Women, generally, when you talk to them about power, their first instinct is to resist the notion because they're thinking about the old paradigm of 'power over,' and it is certainly true that women have borne the brunt of the negative aspects of power for millennia. But once I start talking to women about defining power as the 'power to' - the power to accomplish something good in this world, the power to have a better life for yourself and your family - I see their faces relax and they can accept that kind of power.

'Power over' is oppressive; "power to" is true leadership, and it's a very positive thing and it's a leadership style that women are much more attuned to. For example, women typically will not run for office just to run for office, but if they see an injustice, if something is happening to their child in their school system that they don't like, that woman will run for the school board.

You say women like Ann Coulter, Margaret Thatcher and Sarah Palin 'carry out the agenda of patriarchy to a fault.' Do they help or hurt gender equality?

It is, in the aggregate, always a good thing to have women in such position because the more boys and girls see women in positions of power, the more normal it becomes. But when women in power simply emulate the amoral power tactics that men have used over the years, that is not creating transformational change.

Margaret Thatcher clearly succeeded in being more warlike, more of what you assume men are going to be like … And similarly, Sarah Palin plays right into image of an attractive woman and uses that - which is a power, to be sure. But also, she supports many of the policies that hurt women instead of help them. For example, she's opposed to reproductive rights.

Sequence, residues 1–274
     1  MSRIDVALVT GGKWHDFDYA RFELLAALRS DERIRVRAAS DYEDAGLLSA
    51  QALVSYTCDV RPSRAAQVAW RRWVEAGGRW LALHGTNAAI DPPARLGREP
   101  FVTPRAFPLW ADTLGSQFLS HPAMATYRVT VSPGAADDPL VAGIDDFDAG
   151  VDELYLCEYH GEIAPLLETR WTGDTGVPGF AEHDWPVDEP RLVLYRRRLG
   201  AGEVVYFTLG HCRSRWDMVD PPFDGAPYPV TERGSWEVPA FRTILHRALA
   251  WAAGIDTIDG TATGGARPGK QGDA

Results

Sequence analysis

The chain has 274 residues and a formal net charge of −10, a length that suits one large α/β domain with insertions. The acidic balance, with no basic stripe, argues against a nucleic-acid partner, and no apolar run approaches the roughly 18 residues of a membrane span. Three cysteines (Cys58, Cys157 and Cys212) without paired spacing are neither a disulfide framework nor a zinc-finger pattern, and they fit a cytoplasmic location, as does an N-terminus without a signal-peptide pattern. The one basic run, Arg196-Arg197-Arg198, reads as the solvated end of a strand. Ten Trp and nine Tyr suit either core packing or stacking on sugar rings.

If a woman is simply supporting the same old worn-out policies that have not been successful for us in our culture, well, what good is that?

But since women have such divergent interests and politics, how much should they stick together and support each other?

The way that I look at it, if there are two candidates - a male and a female - and they are more or less equally qualified and they're fairly well matched in terms of their qualifications, then I will choose to support the woman, until women have reached parity. At that point, it will matter less.

You suggest that women who have risen in their careers and then choose to stay at home aren't doing other women any favours. Yet many would argue that their choice is good for them and is good for their family.

I look at it from the standpoint of not blaming people, but inspiring people to understand that we all have an obligation to each other to continue the forward advancement of women, that we're in the middle of an unfinished revolution, an unfinished transformation.

What I'm really saying is we have an obligation to our sisters to try to help, and it does set women back when large numbers of us choose not to use the skills we have attained. Sixty per cent of college graduates are women now and I think this past year, women began to get an equal number of PhDs to men. So if you don't then use that education to continue advancing the status of women, then you are, in effect, setting back women over all.

This interview has been condensed and edited.